A good tutorial on shooting meteor showers, illustrated with amazing images by Glenn Randall, can be found here: Glenn Randall post on photographing meteor showers.

Have you photographed a meteor shower?  What techniques did you use?  Please share your experiences here.

Want to read more posts about photographic techniques?  Find them all here: Posts on Techniques.

Meteoric Rise: How to shoot the Perseid, Geminid, and other meteor showers

The next two nights (Dec. 13-15) offer a treat to landscape and night photographers around the world.  This time period is the peak of the Geminid Meteor Shower, which, along with the Perseid Meteor Shower (peaking around August 12-14), affords the best opportunity of the year for seeing meteor activity.

While it’s still technically tricky to make great images of a meteor shower, today’s technology certainly makes it possible for those of us without astronomical budgets to do so.  I shot some nice images of last summer’s Perseid shower and would be out there shooting the Geminids the next two nights except that the cloud cover here in the San Francisco Bay Area is expected to be 95-100%.  Here’s a composite of several images I shot last August of the Perseids.

A composite image made up of one long exposure for the lake, mountain, and trees, plus several 25-second exposures capturing the individual meteors I observed over a 2-hour period.  Buy this photo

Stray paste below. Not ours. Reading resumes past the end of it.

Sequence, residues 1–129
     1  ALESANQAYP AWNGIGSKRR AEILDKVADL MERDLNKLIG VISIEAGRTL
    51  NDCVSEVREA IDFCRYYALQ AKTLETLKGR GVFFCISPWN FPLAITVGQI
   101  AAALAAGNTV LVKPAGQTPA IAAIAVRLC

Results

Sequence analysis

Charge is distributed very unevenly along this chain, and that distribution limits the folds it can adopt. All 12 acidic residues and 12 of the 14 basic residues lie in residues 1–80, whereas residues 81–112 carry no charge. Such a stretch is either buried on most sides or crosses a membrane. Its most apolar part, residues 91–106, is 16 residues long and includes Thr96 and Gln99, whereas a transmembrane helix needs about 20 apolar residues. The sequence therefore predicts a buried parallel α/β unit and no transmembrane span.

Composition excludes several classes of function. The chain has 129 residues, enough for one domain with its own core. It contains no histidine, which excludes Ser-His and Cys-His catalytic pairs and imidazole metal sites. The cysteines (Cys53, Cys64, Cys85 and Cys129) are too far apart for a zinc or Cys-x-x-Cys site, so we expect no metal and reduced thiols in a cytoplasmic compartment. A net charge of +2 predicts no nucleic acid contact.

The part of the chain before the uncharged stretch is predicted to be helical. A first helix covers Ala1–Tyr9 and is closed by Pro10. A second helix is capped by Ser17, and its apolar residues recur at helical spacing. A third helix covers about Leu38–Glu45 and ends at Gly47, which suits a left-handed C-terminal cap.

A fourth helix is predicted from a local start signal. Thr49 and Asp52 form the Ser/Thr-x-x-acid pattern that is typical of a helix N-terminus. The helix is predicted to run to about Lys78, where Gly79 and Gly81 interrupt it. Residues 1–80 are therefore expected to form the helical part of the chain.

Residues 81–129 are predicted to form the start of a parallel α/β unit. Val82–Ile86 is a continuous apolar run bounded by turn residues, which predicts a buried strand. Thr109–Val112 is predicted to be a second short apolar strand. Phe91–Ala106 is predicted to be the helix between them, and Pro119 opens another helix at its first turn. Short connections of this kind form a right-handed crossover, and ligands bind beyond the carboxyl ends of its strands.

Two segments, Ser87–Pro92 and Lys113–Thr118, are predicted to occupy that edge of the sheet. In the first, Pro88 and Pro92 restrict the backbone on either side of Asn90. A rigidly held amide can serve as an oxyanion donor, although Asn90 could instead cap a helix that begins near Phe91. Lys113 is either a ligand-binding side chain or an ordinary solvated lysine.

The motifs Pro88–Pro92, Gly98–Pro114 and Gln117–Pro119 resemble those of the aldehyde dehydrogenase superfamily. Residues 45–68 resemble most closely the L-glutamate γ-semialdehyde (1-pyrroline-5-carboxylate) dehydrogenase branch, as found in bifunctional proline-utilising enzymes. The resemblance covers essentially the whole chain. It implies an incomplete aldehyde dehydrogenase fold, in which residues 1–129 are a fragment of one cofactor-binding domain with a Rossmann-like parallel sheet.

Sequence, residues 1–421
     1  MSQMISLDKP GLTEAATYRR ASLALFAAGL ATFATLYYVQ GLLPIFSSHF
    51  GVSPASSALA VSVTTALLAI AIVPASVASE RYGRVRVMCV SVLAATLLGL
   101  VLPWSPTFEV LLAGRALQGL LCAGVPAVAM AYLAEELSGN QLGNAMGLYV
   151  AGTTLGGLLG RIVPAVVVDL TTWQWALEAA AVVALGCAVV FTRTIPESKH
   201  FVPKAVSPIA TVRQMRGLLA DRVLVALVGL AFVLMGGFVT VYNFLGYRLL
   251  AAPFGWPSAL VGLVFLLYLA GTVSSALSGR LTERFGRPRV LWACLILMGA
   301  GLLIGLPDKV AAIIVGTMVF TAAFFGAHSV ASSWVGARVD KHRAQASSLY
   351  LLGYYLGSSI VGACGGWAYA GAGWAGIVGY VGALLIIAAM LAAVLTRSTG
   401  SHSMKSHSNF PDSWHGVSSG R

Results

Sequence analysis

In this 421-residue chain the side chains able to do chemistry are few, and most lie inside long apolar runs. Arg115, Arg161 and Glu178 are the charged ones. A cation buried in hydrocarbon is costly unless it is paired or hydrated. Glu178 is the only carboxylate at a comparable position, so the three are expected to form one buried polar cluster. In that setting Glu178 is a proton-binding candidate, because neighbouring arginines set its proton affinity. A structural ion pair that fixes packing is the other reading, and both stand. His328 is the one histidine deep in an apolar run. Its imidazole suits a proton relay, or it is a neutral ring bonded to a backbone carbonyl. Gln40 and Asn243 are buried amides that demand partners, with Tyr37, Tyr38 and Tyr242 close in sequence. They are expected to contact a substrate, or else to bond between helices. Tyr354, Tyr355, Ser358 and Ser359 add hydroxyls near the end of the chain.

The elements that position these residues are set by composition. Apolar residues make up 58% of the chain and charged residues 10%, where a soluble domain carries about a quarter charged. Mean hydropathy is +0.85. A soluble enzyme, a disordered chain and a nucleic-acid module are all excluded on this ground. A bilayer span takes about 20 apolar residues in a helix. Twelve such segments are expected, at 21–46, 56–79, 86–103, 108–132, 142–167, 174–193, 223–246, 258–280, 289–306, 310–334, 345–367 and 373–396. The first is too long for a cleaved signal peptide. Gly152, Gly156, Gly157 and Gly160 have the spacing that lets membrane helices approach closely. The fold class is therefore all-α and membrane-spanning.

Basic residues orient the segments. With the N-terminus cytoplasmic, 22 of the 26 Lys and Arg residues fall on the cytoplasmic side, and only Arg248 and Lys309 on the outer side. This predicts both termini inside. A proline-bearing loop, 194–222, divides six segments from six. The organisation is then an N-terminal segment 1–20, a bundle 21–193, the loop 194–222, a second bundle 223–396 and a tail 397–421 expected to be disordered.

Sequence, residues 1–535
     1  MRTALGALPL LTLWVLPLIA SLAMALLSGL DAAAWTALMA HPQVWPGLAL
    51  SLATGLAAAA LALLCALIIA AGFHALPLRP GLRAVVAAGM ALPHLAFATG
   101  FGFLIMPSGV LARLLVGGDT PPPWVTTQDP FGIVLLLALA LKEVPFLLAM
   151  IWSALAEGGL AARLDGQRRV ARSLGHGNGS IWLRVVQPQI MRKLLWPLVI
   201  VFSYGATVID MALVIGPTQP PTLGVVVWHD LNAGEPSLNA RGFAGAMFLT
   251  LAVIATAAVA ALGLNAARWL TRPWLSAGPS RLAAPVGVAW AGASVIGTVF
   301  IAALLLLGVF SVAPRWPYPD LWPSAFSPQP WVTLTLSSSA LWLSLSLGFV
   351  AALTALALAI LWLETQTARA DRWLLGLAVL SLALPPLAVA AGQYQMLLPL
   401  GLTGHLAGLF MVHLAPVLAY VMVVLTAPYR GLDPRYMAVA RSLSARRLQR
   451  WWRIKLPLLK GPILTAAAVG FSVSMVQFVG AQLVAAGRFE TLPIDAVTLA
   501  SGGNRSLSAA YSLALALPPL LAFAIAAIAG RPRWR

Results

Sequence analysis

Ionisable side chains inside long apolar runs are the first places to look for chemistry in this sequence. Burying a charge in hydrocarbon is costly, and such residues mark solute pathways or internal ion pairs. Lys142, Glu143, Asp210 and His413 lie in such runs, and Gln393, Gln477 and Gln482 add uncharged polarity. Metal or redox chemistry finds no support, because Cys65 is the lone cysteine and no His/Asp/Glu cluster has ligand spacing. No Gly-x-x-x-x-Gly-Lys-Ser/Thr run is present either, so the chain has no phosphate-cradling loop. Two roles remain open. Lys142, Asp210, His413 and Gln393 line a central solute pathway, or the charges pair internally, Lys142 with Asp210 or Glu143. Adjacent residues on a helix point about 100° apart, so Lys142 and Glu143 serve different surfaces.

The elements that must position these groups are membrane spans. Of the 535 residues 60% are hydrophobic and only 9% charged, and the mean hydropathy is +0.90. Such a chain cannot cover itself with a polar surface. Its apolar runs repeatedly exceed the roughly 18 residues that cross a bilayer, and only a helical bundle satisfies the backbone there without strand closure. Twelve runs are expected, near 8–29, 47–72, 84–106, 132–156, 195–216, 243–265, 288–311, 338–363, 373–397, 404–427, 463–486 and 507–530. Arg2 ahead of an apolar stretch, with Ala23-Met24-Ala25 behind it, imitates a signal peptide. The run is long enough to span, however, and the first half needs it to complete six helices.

Most of the techniques you need for capturing a meteor shower are the same as for capturing the Milky Way.  Review my post from a few weeks ago for a refresher course: Post on Milky Way Photography.

The special challenge when shooting a meteor shower is that meteors can occur anywhere in the sky.  Even with a very wide-angle lens, such as a 14mm or 16mm lens on a full-frame camera, only a small portion of the sky can be covered.  As we are limited to a maximum exposure time of about 25-30 seconds with a 14mm or 16mm lens so as to avoid blurring the stars into star trails, it’s clear that we have to shoot a lot of consecutive images to be likely to capture several meteors throughout the night.  We then use software such as Photoshop to combine the images in which meteors are visible into a single composite image showing all of the meteor activity we captured during the night.

A good tutorial on shooting meteor showers, illustrated with amazing images by Glenn Randall, can be found here: Glenn Randall post on photographing meteor showers.

Have you photographed a meteor shower?  What techniques did you use?  Please share your experiences here.

Want to read more posts about photographic techniques?  Find them all here: Posts on Techniques.